Jim TresselICONJim Tressel had compliance issues early in his tenure at Ohio State.

Note: Despite the fact that he’s no longer the head coach at Ohio State, Jim Tressel is still in the news. And, as always, The Columbus Dispatch has the story covered. Yes, the Vest had compliance issues even before Tattoogate.

Skinny posts

Former North Carolina defensive end Michael McAdoo officially had his appeal denied Wednesday after he sought reinstatement to the football team following his indefinite suspension due to academic misconduct. While the official announcement slightly weakens the Tar Heels’ depth on the front four, Butch Davis’ squad will still heavily lean on star ends Quinton Coples and Donte Paige-Moss.

With Georgia losing its leading rusher from the past two seasons, Washaun Ealey, as well as senior Caleb King, the Bulldogs replenished their backfield depth by moving linebacker Richard Samuel back to running back. Samuel arrived on campus in 2008 and spent his first two seasons taking handoffs before moving to linebacker last year when Todd Grantham arrived and installed the 3-4 defense. He missed the 2010 season because of injury and redshirted. He rushed for 528 yards on 114 carries and three touchdowns in 22 career games at running back. Of course, true freshman Isaiah Crowell is expected to be the Dawgs’ lead back this fall. But without Samuel in the backfield, head coach Mark Richt really had limited insurance behind his prized recruit from this past February.

On the recruiting trail

Could the recent switch in commitment of Trevor Knight be bad news for Oklahoma fans hoping that head coach Bob Stoops would land Gunner Kiel? Knight, a 6-2, 190-pound quarterback from San Antonio Reagan High School, changed his mind and decided against playing for Mike Sherman and the Aggies late Wednesday night, instead choosing to head to Norman. Knight passed for over 1,600 yards and 11 touchdowns as a junior in 2010. While losing Knight was an unexpected blow for A&M, keep in mind that Sherman was able to land Matt Davis, who remains committed to the school as of now. As for Kiel, he was projected to commit in the middle of this month and had reportedly narrowed his list to Oklahoma, Alabama and Indiana, where his brother is currently vying for the starting gig in Kevin Wilson’s first season as head coach.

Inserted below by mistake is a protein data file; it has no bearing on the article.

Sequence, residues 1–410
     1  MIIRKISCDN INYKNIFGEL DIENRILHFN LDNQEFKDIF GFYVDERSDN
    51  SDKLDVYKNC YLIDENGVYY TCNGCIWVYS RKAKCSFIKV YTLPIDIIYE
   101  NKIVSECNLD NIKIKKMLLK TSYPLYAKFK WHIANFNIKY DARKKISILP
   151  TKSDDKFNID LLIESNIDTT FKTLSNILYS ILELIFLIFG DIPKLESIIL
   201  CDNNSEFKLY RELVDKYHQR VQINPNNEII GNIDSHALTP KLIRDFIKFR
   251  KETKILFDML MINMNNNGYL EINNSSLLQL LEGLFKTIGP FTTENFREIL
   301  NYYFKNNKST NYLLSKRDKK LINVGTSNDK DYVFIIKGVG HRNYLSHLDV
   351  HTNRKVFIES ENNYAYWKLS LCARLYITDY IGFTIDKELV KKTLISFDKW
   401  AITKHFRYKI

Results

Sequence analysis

Jarron Jones, a 6-6, 300-pound lineman from Aquinas Institute in Rochester, N.Y., has rescinded his previous verbal commitment to Penn State after a recent visit to Notre Dame. While he maintains that the Nittany Lions remain in the running, Jones said on Tuesday that Notre Dame, North Carolina, and Virginia Tech are in the mix, as well. Jones, who projects as a defensive lineman for the Irish, likes the ND campus. “Notre Dame is a smaller school and that’s the kind of place I need to be,” he said. “Aquinas is a smaller school and I’ve been doing a lot better there. It’s just a better way to explore my options.”

Luke FickellNew Ohio State head coach Luke Fickell hopes to continue the Buckeyes' recruiting success.

Much has been made of Ohio State losing in-state offensive lineman Kyle Kalis to Michigan, as doubts continue to creep in about the Buckeyes’ ability to put together their annual strong recruiting class in 2012. New head coach Luke Fickell did receive some good news this past week, however, when the program netted verbal commitments from guard Pat Elflein and linebacker Luke Roberts. Elfein would be a big gain for a unit that needs depth next season while Roberts will play under new assistant Mike Vrabel.

Brunch leftovers

If you haven’t checked out these recent articles, do so while you’re finishing that last cup of coffee this morning.

— Jon Wilner of the San Jose Mercury News takes a closer look at Willie Lyles’ involvement in the recruiting efforts of Cal.

— Bob Wojnowski of The Detroit News discusses how Michigan and Michigan State could be primed to take advantage of Ohio State’s woes on the recruiting trail.

— Steven M. Sipple of the Lincoln Journal Star on Bubba Starling’s tenure at Nebraska, which isn’t expected to last too long — but you never know.

When it comes to anything and everything related to college football, I will continually spread what I hear on Twitter throughout the day at Miller_Dave, so be sure to stay tuned if you’re a frequent tweeter. Also, you can find my stories under my Against the Grain column.

Have a college football question? Feel free to send me an email at

Have a great weekend!